Spoiler Alert! We’re doing things deep league style, keeper league style, dynasty style, which ever nomenclature you prefer. Basically, if you hold onto players for more than a year, these are the rankings you’ve been waiting your whole life for. Whole life man. Seriously. Remember, the process for this list is quite different. Unlike Grey, I didn’t type half of it with my mustache. (Mainly because I don’t have one at the moment. Dating! I know, don’t get me started.) Think of it this way. If a draft for a new deep/keeper/dynasty league started today, this is my idea of how it would go, or rather, how I think it would go if the league had anywhere from 12 to 20 owners that were me. That’s a whole lot of Jaywrong ladies. Hey baby, how you doin’, what’s yo name, what’s yo number? (times 12-20.) The actual process involves things like current and remaining production for 2013, projections for 2014-2016, along with future potential, position scarcity, and injury-risk. One things for sure. I believe in the Oxford comma. Wait, what?

Note: I’ve only ranked players who have pitched at least one inning or had one at-bat in their MLB career. Our prospect maven, Scott Evans, has the low down on all those MiLB guys I left out and will have his mid-season list out on Saturday. Go bother him. With hugs and kisses. I’m sure he’s a very handsome man. But I’ve never seen him, so, well, just trust me.

Please, blog, may I have some more?

When Jeremy Bonderman was designated for assignment on Monday, I left work, went to the bar next door, bought nine shots of Jameson, drank 11 shots of Jameson — I don’t know where the other two came from — and then drove home. I was ecstatic. Like Grey, I had been desiring an Erasmo-Ram for my behind for quite some time, and not until Monday did I finally get to feel its smooth touch. It was fantastic. On Monday night, in my drunken sleep, I once again fantasized about Erasmo Ramirez, but was interrupted when Grey entered my dream and caught E-Ram cheating on him with me, which pretty much ruined my night. Grey and I weren’t on speaking terms Tuesday, but Wednesday morning we agreed to share E-Ram in some type of fantasy domination sex triangle. The whole triangle, though, of course balances perilously on E-Ram’s nauseating Thursday matchup against the Red Sox — a matchup you don’t want to bet love, or at least sex on. This fantasy baseball Ramirez fantasy is so vivid and marvelous, of course, because Ramirez is one of those young studs that has the keeper potential to carry your staff year-in-year-out, allowing you to focus solely on offense for the first six or seven rounds of your draft. It’s a relieving feeling. I don’t really need to elucidate any further on what Ramirez offers as a one-year pitcher or a keeper guy, because a) Albright did that already, and b) love needs no explanation. What do need explanation, though, are those other guys who might not be so lovely, yet still look keep-able.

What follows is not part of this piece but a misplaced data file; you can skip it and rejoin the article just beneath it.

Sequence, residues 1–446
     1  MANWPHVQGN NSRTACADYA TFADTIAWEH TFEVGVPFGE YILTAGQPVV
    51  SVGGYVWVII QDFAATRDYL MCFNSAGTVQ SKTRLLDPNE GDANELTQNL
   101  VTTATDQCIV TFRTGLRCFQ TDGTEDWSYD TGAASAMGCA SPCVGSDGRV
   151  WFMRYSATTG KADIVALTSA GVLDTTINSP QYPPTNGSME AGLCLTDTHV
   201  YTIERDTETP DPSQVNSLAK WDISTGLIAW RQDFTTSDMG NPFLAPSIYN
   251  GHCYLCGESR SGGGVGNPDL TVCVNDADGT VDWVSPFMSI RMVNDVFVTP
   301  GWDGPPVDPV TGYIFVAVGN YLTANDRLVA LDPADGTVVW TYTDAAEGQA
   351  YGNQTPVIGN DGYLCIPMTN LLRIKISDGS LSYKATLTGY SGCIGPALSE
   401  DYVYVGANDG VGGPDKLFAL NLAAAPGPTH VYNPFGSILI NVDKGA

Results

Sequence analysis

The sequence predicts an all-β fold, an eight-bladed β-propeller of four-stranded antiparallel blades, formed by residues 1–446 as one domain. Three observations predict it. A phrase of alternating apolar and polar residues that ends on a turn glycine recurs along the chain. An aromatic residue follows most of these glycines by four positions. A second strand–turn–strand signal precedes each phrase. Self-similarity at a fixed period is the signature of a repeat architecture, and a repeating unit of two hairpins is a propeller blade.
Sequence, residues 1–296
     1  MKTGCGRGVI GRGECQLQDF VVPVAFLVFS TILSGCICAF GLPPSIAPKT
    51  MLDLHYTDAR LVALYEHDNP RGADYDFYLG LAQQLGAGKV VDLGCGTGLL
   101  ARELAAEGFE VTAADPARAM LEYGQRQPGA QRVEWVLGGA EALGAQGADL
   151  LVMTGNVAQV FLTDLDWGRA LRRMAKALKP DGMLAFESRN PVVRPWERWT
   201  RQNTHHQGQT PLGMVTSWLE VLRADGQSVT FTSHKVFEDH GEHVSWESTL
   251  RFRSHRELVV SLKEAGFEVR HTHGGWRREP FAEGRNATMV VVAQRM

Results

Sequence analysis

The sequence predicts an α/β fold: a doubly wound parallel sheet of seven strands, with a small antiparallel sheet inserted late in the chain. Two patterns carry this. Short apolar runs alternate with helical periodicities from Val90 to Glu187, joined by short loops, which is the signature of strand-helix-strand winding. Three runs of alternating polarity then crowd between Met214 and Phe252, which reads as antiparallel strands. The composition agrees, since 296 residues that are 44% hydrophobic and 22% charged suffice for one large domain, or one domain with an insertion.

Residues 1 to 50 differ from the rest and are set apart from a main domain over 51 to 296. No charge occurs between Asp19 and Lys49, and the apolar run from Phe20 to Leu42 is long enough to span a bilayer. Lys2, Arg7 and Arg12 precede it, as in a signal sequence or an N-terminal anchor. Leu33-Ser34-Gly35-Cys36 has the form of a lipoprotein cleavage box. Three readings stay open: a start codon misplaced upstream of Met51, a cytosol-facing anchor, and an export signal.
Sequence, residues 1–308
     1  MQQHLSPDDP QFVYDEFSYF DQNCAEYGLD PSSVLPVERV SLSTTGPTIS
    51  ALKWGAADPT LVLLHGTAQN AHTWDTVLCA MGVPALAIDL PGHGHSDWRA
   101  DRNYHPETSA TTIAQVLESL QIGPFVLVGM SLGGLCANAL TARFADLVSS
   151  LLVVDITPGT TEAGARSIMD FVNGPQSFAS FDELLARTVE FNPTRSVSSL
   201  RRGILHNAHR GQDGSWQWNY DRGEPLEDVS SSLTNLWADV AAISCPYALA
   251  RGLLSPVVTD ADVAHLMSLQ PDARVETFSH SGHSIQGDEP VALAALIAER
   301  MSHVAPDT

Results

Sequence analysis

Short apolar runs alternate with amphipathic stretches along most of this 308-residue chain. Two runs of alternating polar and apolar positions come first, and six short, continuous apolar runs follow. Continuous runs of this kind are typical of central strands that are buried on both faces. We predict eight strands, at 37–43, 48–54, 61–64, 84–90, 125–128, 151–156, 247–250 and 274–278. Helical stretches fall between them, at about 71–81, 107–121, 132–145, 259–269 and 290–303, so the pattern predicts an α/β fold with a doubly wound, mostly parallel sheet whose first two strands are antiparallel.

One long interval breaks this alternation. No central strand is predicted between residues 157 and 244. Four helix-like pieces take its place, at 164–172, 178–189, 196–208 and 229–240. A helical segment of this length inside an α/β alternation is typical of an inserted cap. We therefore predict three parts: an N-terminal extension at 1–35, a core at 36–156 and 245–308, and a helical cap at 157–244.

Please, blog, may I have some more?

There’s a ping-pong tournament going on in my office today and I wasn’t invited to play. It’s not because they all hate me, but because I just started here — a magazine in New York — and the tournament was bracketed and made before I actually came on board.

At least that’s what they tell me. Little do they know, I often played in tournaments in my Tampa days, so them dawgs is lucky. I’m picturing them wafting shots back and forth like pure n00bs, giggling at the new d-bag who’s upstairs editing stories and deflecting annoying, frivolous emails from the digital team. “Hey Terse, do you approve of the latest SEO titles we put up for the latest magazine issue?” “Yeah, for the eighth time, everything is fine.” “Ok, splendid! How’re you doing in the ping-pong tournament?” “They didn’t have room for me.” “LOL YOU SUCK.” “I know… I know I do, Marc.” Perhaps they all dislike how I insist on being called Terse. I feel like David Adams — everyone hates me before I even get a chance to do anything good. Hopefully there’s not a steroided, crappy Twitter-user waiting in the shadows, willing to pounce and take my spot once his dead hips are resuscitated. I can’t compete with a 38-year-old ex-magazine MVP, I just can’t. I WON’T. Speaking of A-Rod, I think you should pick him up and use him for this year and plan on keeping him for 2014 and 2015. There’s still life in there.

Please, blog, may I have some more?